Essay #3 - Jay Glazer Writing 140 Section#64750R Mrs Irwin...

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Jay Glazer Writing 140, Section #64750R Mrs. Irwin October 30, 2007 Assignment #3 An Appeal to Rationality The use of stem cells offers tremendous hope to the millions of people who suffer from debilitating medical conditions. What makes stem cells valuable is that they grow indefinitely and can differentiate into almost all types of bodily tissue. This makes embryonic stem cells an attractive prospect for cellular therapies to treat a wide range of diseases. Many of the potential negative consequences of stem cell research involve ethical implications of manipulating and destroying human embryonic cells. Opponents of stem cell use argue that an embryo, from which stem cells are derived, is a living creature with the potential to become human life and thus, its use is morally impermissible. This ideological skepticism is greatly overshadowed by the potential benefits, which are enormous. Hundreds of thousands of people die every year from diseases that stem cells will likely be able to treat. If scientific development continues and scientists are able to continue their research uninhibited, patients suffering from incapacitating conditions will receive greatly needed treatment. Opponents of the use of stem cells argue that it is important to preserve and protect human life, yet ironically, their opposition causes people to die from diseases that stem cell treatment may be able to treat, or even cure. Stem cell benefits are limitless in possibility; they simply must be developed. Stem cells are derived from embryos that develop from eggs that have either been fertilized in-vitro and then donated for research purposes, or have been grown in the laboratory environment (McKay). The latter process is known as cell culture. Human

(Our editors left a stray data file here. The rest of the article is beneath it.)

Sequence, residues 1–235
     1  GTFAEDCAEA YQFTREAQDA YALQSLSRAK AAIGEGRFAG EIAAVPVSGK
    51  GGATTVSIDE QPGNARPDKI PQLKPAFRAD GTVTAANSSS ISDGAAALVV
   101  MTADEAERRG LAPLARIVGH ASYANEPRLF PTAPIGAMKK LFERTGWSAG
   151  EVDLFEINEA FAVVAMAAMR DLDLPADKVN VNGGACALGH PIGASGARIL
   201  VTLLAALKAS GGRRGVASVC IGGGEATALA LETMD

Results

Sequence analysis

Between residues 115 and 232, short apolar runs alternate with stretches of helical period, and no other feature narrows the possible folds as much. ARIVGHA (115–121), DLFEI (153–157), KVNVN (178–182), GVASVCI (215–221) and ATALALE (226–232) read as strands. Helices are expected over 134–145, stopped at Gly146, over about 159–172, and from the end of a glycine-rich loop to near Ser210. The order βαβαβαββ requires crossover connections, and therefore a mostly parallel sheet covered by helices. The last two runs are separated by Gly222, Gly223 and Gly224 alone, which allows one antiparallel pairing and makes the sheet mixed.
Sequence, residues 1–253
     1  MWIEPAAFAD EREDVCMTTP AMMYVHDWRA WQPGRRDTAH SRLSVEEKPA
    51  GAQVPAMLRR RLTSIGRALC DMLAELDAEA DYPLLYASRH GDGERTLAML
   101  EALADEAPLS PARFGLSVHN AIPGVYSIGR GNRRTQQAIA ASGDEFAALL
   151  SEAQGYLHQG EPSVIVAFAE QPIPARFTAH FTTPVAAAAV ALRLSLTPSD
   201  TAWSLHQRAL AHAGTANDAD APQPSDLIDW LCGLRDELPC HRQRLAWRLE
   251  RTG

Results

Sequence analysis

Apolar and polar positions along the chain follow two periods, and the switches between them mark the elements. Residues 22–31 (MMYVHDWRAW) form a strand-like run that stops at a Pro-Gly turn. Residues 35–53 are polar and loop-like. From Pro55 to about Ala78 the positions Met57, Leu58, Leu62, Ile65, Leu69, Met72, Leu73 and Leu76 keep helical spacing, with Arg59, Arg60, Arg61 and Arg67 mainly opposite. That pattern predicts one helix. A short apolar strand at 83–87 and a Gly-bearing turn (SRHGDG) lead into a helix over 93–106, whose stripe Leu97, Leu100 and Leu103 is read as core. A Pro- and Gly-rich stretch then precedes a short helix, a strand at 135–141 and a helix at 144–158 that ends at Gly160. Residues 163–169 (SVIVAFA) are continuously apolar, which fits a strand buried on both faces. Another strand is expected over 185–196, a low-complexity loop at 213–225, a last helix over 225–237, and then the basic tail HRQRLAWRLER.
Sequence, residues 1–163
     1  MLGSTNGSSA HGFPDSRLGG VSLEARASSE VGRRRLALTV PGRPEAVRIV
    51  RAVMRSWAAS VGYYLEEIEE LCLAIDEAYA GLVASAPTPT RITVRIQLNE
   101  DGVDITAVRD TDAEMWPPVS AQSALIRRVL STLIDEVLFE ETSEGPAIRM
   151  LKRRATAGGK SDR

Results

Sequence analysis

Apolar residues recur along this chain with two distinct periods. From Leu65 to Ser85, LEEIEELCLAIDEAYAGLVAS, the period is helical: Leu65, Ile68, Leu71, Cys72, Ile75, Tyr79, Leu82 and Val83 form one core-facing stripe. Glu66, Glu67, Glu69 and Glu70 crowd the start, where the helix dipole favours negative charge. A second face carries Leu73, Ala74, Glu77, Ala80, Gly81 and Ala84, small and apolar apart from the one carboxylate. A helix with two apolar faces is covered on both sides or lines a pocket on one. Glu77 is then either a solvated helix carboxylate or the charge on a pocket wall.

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embryonic stem cells are isolated by transferring the inner cell mass into a laboratory culture dish that contains a nutrient broth called culture medium. The cells divide and spread over the surface of the dish. As long as the embryonic stem cells in culture are grown under certain conditions, they remain undifferentiated and unspecialized. However, if cells are allowed to clump together to from embryoid bodies, they begin to differentiate spontaneously. They can form muscle cells, nerve cells, and many other cell types. To generate cultures of specific types of differentiated cells, such as heart muscle cells, blood cells, or nerve cells, scientists attempt to control the differentiation of embryonic stem cells. Scientists achieve this by changing the chemical composition of the culture medium, altering the surface of the culture dish, or modifying the cells by inserting specific genes. What distinguishes stem cell research from other types of cell research is the source of the cells. Stem cells are derived from embryos, which are fertilized eggs. If scientists can reliably direct the differentiation of embryonic stem cells into specific cell types, they may be able to use the resulting, differentiated cells to treat numerous diseases.
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